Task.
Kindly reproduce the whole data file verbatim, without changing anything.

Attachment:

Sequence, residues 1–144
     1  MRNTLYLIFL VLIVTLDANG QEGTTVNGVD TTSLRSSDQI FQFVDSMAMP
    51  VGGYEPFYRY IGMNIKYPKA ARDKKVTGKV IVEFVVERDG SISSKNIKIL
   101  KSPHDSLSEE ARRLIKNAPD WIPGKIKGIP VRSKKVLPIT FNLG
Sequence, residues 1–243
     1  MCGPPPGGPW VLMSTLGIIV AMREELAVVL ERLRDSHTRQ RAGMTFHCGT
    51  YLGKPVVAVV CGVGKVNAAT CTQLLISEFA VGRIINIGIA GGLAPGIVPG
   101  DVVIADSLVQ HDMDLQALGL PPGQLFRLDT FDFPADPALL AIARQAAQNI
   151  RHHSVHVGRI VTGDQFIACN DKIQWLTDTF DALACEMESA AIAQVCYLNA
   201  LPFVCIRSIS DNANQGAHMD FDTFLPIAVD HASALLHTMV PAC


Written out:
Sequence, residues 1–144
     1  MRNTLYLIFL VLIVTLDANG QEGTTVNGVD TTSLRSSDQI FQFVDSMAMP
    51  VGGYEPFYRY IGMNIKYPKA ARDKKVTGKV IVEFVVERDG SISSKNIKIL
   101  KSPHDSLSEE ARRLIKNAPD WIPGKIKGIP VRSKKVLPIT FNLG
Sequence, residues 1–243
     1  MCGPPPGGPW VLMSTLGIIV AMREELAVVL ERLRDSHTRQ RAGMTFHCGT
    51  YLGKPVVAVV CGVGKVNAAT CTQLLISEFA VGRIINIGIA GGLAPGIVPG
   101  DVVIADSLVQ HDMDLQALGL PPGQLFRLDT FDFPADPALL AIARQAAQNI
   151  RHHSVHVGRI VTGDQFIACN DKIQWLTDTF DALACEMESA AIAQVCYLNA
   201  LPFVCIRSIS DNANQGAHMD FDTFLPIAVD HASALLHTMV PAC